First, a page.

"Beginning in the late 1990s, pharmaceutical companies selling high-dose opioids seized upon a notion, based on flimsy scientific evidence, that regardless of the length of treatment, patients would not become addicted to opioids...How did we get this so wrong?"
~Dr. David A. Kessler, former head of the Food and Drug Administration, "The Opioid Epidemic We Failed to Foresee", the New York Times (May 6, 2016)
Because he ran the FDA from 1990 to 1997, Dr. David Kessler can speak with authority and insight when it comes to certain problems existent in America today. And when it comes to what the Centers for Disease Control and Prevention has labeled an "epidemic" - the explosion of opioid over-prescribing and the resultant overdose deaths - Dr. Kessler doesn't hold back.
Speaking to CBS News recently, Dr. Kessler called the opioid situation in the United States "one of the great mistakes of modern medicine", and said there is plenty of blame to go around.
"FDA has responsibility, the pharmaceutical companies have responsibility, physicians have responsibility. We didn't see these drugs for what they truly are...The inappropriate promotion of drugs contributed significantly to this epidemic. Because drug companies took a small piece, a sliver of science and widely promoted it as not being addictive. That was false."
According to numbers released by the CDC, the number of drug overdose deaths is rising at an alarming rate. Take a look at the most recent statistics:
Dr. Kessler believes that it is going to take a concerted effort by everyone involved, saying, "Everybody has to do better. The CDC guidelines need to be implemented. Pharmaceutical companies need not over-promote. Doctors need to prescribe more wisely in a more limited way. But it's going to take a societal shift, it's bigger than any one of those steps, in order to change this epidemic."
The guidelines that he alludes to were just released by this past March. For the first time ever, the CDC is recommending that physicians:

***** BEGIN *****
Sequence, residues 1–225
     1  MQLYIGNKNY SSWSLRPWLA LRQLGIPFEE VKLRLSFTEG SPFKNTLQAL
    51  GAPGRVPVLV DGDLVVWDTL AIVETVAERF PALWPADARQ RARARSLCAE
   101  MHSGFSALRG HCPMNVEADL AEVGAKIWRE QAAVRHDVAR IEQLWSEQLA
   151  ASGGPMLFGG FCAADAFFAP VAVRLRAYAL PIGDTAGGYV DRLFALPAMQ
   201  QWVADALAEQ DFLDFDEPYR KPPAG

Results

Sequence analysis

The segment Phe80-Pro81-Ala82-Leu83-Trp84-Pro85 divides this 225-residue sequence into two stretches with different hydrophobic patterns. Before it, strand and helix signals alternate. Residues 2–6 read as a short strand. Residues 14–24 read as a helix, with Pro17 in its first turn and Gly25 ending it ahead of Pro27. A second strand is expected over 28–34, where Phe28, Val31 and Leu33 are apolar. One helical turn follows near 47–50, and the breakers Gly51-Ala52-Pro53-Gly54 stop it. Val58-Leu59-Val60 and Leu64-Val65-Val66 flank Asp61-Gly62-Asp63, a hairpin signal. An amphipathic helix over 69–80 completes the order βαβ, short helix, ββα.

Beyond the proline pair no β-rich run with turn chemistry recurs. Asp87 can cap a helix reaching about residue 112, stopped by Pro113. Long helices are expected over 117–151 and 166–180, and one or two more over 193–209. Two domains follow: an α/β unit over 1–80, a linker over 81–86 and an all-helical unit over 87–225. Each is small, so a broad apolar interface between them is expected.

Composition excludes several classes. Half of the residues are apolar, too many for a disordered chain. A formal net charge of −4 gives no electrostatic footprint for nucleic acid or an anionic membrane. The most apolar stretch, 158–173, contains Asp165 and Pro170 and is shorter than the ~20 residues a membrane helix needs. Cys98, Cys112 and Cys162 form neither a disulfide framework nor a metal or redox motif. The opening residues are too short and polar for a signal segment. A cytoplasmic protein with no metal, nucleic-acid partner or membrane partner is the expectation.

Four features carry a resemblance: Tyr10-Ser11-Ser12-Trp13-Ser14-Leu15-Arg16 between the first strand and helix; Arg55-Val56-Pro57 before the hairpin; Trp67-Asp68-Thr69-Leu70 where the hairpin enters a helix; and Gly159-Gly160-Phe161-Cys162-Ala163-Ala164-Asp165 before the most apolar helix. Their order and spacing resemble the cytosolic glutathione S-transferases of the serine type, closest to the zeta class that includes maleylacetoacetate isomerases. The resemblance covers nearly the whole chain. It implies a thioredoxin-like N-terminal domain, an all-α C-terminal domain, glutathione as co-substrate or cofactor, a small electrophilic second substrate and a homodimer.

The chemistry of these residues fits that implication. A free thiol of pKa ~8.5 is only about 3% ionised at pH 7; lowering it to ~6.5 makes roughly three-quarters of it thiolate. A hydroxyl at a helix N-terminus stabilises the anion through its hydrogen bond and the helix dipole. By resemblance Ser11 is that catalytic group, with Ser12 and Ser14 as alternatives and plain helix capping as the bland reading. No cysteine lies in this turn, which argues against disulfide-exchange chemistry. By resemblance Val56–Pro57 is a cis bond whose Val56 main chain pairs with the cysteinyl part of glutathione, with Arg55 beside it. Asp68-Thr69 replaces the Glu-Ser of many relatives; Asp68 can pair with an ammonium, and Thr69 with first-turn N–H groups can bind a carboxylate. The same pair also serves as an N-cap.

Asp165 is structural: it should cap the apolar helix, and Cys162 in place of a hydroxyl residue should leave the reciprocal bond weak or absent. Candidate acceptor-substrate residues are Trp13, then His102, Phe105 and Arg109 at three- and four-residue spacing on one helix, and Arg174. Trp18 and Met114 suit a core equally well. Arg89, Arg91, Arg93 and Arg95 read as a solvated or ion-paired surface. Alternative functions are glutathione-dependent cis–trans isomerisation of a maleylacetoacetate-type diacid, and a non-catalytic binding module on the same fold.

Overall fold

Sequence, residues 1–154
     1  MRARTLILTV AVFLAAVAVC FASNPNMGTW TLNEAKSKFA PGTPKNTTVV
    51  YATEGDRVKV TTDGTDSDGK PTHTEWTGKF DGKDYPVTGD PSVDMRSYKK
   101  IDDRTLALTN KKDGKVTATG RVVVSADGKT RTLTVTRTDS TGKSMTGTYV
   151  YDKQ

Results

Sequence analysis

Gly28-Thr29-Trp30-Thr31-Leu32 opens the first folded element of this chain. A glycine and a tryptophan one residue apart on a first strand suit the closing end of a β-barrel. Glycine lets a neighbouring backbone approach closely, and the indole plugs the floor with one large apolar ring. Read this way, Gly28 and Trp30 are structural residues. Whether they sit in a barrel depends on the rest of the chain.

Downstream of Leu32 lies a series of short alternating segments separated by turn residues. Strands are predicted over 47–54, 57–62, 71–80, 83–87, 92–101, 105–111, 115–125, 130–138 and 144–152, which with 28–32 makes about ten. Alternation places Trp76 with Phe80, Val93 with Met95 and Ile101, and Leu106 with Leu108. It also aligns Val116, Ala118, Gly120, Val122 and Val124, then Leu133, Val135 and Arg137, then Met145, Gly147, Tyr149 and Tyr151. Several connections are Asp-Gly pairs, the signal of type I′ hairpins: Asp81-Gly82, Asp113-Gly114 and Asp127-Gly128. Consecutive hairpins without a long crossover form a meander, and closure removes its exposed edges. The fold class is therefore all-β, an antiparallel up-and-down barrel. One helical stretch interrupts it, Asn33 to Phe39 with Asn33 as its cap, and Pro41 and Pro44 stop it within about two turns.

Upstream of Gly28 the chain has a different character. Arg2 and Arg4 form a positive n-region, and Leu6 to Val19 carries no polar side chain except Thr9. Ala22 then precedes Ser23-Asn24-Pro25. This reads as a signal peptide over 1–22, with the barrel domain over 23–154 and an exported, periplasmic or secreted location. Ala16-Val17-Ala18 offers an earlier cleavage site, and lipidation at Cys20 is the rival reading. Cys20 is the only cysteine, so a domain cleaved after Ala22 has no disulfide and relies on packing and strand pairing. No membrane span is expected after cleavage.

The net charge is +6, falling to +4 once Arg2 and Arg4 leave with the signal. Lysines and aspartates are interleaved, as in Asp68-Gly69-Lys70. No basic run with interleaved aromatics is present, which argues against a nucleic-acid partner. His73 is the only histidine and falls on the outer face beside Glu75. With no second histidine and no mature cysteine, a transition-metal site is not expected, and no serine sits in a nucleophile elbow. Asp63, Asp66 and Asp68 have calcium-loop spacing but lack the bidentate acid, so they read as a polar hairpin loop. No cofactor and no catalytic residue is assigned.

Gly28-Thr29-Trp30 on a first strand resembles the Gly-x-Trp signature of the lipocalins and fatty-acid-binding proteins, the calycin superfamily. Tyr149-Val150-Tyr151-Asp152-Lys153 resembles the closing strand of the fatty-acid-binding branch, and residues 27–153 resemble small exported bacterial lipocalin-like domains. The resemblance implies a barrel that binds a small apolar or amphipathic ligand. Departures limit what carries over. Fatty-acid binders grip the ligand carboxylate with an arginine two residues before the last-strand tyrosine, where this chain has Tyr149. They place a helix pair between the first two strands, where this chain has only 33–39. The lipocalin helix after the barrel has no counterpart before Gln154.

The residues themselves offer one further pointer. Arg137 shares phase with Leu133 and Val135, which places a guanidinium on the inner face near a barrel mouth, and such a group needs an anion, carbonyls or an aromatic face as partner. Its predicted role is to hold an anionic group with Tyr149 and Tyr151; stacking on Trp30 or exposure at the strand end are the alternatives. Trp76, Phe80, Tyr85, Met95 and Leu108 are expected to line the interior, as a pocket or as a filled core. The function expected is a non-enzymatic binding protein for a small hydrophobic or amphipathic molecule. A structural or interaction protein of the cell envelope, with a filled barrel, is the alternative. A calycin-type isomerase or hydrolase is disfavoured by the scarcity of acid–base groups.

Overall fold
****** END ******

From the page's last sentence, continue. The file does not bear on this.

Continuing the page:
The idea is NOT to turn a blind eye to a patient suffering chronic pain. Rather, the goal is to focus on other effective methods that do not carry the same risks of dependency, misuse, addiction, and overdose.
Just within the past few years, many communities across the country have implemented patient databases that physicians and pharmacists can access as a way of preventing patients from "doctor-shopping" in order to obtain multiple prescriptions.
Ultimately, there is a degree of responsibility that must also fall upon patients and their families. This is the "societal shift" that Dr. Kessler referred to. It is in the best interest of anyone seeking pain relief to educate themselves about the real risks of prescription opioid painkillers. When a doctor - in good faith - writes a prescription for opioid medication, the well-informed patient needs to proactively ask about alternatives.
When opioids are prescribed, both the patient and their loved ones need to be acutely aware of the effects of the medication and be especially watchful for any signs of drug diversion.
Here's the bottom line -the general consensus in the medical community now is that opioid medications are not always appropriate for every patient in pain. More importantly, if you or someone you care about is misusing a prescription opioid painkiller, it is absolutely imperative that the assistance of a trained addiction specialist is sought as soon as possible.